Asylum in the U.S. may be granted if the applicant can demonstrate a “well-founded fear of persecution” based on (1) political opinion, (2) religion, (3) race, (4) nationality, or (5) membership in a particular social group. A person who is outside the U.S. may apply for refugee status based on these same criteria.  The Refugee Act of 1980 conforms US immigration laws with various UN conventions and protocols.

The fear of persecution must be either by the government of one’s country or by a group that the government is unable or unwilling to control.

If the person is able to establish “past persecution”, a presumption arises that he has established a well-founded fear of persecution. The burden of proof shifts to the government to demonstrate that circumstances have changed and that the person no longer has a well-founded fear of persecution or that the person could avoid persecution by relocating in another part of his country and that it would be reasonable for him to do so.

If a person is in lawful immigration status, he can submit his application for asylum (Form I-589) directly with the USCIS. Should his application be denied, he will remain in status. However, if he in not in lawful status, should his application not be approved by the USCIS, it will be referred to an Immigration Judge.

If a person is in removal proceedings before an Immigration Judge, he may also be eligible to apply for withholding of removal and for relief under the Convention Against Torture (CAT). However, in order to qualify for withholding of removal, the person must demonstrate that it is more like than not that he will be persecuted if he is forced to return to his country. This is a higher standard than the “well-founded fear” standard for asylum which can be met if the person has at least a 10% chance of being persecuted. Also, unlike asylum, obtaining withholding of removal or relief under CAT does not necessarily lead to permanent residence in the U.S.

Under Convention Against Torture (CAT), the six elements of “torture” are as follows:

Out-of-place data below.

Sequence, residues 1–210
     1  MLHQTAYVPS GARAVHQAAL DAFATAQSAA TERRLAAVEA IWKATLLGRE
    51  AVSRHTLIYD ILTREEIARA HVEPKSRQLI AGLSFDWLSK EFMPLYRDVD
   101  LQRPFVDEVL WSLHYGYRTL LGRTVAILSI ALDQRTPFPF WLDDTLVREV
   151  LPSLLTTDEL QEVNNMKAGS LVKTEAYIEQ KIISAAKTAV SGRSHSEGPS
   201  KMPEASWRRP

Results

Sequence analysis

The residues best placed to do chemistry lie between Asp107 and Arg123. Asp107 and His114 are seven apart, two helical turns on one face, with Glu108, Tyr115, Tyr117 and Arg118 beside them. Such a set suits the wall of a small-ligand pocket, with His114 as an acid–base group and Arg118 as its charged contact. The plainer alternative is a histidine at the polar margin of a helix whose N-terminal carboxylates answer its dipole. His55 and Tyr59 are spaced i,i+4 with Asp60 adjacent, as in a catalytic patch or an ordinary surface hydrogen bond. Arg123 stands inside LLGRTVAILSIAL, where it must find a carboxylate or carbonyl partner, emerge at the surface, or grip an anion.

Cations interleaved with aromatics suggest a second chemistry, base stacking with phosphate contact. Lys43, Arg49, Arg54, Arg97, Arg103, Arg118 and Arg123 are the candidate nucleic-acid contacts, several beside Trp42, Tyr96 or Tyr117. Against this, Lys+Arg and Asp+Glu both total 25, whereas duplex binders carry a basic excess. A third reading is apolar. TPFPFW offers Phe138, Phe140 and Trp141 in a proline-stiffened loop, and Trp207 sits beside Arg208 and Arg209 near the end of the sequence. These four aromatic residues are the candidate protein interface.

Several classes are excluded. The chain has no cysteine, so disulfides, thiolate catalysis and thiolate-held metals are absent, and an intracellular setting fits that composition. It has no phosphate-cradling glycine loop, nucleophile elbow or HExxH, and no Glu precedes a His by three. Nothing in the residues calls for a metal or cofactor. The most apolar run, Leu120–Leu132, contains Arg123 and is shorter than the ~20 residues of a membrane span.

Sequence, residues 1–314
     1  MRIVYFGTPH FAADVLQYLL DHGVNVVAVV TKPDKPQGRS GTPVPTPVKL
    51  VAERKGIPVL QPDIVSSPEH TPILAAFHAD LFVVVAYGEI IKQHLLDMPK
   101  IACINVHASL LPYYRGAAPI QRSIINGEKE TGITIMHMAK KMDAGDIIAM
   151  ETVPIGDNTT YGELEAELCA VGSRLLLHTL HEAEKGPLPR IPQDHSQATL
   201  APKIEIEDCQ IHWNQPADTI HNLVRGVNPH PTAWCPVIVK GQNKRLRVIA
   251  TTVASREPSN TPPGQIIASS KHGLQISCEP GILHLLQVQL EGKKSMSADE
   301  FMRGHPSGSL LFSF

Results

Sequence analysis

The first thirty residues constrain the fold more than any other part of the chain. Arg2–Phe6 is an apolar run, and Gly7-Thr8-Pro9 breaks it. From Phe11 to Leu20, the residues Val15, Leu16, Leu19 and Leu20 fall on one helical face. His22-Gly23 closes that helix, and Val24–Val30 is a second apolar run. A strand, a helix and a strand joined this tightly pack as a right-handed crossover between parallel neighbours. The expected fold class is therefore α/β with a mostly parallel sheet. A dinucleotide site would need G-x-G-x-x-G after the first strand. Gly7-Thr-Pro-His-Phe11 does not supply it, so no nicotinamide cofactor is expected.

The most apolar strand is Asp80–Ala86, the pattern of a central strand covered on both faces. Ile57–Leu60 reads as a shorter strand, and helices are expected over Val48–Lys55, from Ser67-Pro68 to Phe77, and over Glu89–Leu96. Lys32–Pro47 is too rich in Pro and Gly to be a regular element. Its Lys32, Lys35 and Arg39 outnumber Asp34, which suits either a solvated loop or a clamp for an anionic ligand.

1. An intentional act;
  2. Infliction of severe pain or suffering;
  3. Under the custody or control of the offender;
  4. For a broad array of wrongful purposes;
  5. By or sanctioned by a public official; and
  6. Not arising out of lawful sanctions.

If the government can demonstrate that the person has “firmly resettled” in a 3rd country, the person is ineligible for asylum, withholding of removal and CAT.

Although generally a person must apply for asylum within one year after arriving in the U.S., there are some notable exceptions to this rule.


asylum “I can honestly say that Mr. Carl Shusterman and his team are probably the best in the business when it comes to immigration matters. Carl’s greatest asset is his prior work experience as a former INS prosecutor. My family and I were on the verge of being deported from the United States. Because of Carl’s expertise and dedication, not only are we allowed to remain in this country permanently but are on path of obtaining citizenship…” (More client reviews…)


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  • Asylum: Winning Your Case
    A person with a “well-founded fear” of persecution if they return to their home country may apply for asylum before the USCIS. A person in removal proceedings may apply for asylum before an Immigration Judge.